Hands-on: how The Crew Motorfest is focusing on variety, not size

Thomas Harrison-Lord
Sure, big map sizes are cool and all, but are they necessary? The Crew Motorfest moves away from its predecessor’s US location and places you in Hawaii. It’s all the better for it…
Hands-on: how The Crew Motorfest is focusing on quality, not quantity

The third The Crew game by Ubisoft, Motorfest, marks quite the departure for the series. 

Sure, you are still driving cars, riding motorcycles and flying planes across an open-world environment. But, it’s sharper. Tighter. More focused. Instead of just majoring on scale as a unique selling point – The Crew 2 had a map between 5,000 – 7,000 km² thanks in part to technology by Asobo Studio – it’s more about the vibe, neon lights, British rock duo Royal Blood on the stereo and meaty vehicle handling. 

Ah yes, the way a car goes around a corner. A fundamental gameplay hook that the first Crew titles didn’t get right and something Motorfest makes great strides in. Instead of overlooking developer Ivory Tower’s efforts as yet another middling attempt, all of a sudden, we’re really rather interested. 

Here’s what The Crew Motorfest must do to stand out in the age of Forza Horizon and how it’s shaping up so far after a hands-on test… 

Tokyo Drift Precision 

Let’s dive into the car dynamics point immediately. The past two games in this series have suffered from floaty, inconsistent on-road behaviour. While the Live Summits, dynamic weather and gigantic worlds initially sucked us in, the driving experience lacked finesse, and for us, engagement.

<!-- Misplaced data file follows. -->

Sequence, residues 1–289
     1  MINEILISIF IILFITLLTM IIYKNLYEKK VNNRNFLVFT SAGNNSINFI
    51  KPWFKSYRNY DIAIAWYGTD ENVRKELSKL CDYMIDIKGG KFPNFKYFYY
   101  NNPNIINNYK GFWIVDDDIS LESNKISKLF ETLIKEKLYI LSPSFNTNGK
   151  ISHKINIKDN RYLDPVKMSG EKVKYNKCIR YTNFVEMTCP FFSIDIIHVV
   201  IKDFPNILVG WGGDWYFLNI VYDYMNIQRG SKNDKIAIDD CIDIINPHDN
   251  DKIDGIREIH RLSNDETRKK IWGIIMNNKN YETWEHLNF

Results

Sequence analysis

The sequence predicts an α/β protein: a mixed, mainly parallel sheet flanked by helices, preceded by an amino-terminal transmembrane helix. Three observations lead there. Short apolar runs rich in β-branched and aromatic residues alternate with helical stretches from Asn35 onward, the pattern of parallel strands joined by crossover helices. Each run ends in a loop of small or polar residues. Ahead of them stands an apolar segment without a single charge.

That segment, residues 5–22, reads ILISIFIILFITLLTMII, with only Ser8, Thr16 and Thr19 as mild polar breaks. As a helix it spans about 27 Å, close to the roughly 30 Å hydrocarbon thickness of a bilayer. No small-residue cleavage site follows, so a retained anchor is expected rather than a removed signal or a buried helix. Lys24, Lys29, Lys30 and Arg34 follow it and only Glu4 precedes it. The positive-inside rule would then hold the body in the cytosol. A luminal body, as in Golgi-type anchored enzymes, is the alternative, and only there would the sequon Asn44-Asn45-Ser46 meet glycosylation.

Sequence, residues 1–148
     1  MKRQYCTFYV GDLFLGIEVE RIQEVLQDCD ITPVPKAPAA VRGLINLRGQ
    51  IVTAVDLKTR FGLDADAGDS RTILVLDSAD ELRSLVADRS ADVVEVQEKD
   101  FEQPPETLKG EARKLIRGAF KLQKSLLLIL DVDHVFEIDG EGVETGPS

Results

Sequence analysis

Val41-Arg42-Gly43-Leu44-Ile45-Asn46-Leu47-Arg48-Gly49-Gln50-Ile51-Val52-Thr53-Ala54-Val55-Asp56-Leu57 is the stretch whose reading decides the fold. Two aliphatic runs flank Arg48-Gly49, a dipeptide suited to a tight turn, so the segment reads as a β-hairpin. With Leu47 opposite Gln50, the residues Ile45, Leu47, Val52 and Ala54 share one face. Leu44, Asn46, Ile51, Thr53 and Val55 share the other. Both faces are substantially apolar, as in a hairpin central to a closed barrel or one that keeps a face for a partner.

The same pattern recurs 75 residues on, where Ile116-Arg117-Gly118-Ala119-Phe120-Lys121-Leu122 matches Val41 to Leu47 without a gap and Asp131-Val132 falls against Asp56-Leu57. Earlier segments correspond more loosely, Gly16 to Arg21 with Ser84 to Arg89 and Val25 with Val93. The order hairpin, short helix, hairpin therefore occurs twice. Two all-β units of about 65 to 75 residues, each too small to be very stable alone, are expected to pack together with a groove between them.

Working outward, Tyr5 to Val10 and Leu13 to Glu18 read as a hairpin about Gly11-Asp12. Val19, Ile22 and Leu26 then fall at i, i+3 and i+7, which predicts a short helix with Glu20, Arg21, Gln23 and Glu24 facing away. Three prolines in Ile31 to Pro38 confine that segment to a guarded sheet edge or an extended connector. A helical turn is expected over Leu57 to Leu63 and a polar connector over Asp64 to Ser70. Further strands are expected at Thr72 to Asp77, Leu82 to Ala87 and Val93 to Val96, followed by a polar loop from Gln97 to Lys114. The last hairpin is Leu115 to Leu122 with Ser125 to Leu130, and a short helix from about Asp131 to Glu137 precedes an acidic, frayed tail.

Now, to be clear, The Crew Motorfest isn’t a simulator – not even close – and nor should it be. 

But the cars we tested now had a weight to them, a solidity sadly missing in 2018’s game. Be that while slewing across a ploughed field or navigating city streets, we felt more in control. 

The Crew Motorfest Bronco gameplay

Apart from what look to be some set drift-based missions at a later point in the game, in our experience, each corner was quicker by being neater than a Beverly Hills open house. 

Braking ahead of a corner and clipping an apex was the quickest way and the most rewarding. The tight hairpins of a mountain pass in our Honda NSX, for example, were better taken with economic steering inputs – the parking brake only used in an emergency scenario should you misjudge corner entry speed. 

You can tap the parking brake to turn tighter, but it rightly unsettles the car to the point of losing momentum. 

If we were to compare it to another contemporary racer, Need for Speed Unbound is perhaps the closest, but this feels, if anything, more precise. 

The Crew Motorfest pitstop

This is further highlighted by the fictional single-seater races, taking place on a dedicated race track. Point-and-squirt is what we’d call the driving technique. There was even, shock, a mid-race pitstop for fresh tyres. 

It is worth mentioning at this juncture that the physics engine doesn’t just do cars, but motorcycles, planes, boats, monster trucks and quad bikes. However, it seems like four-wheeled vehicles are the priority this time around. 

Fresh meat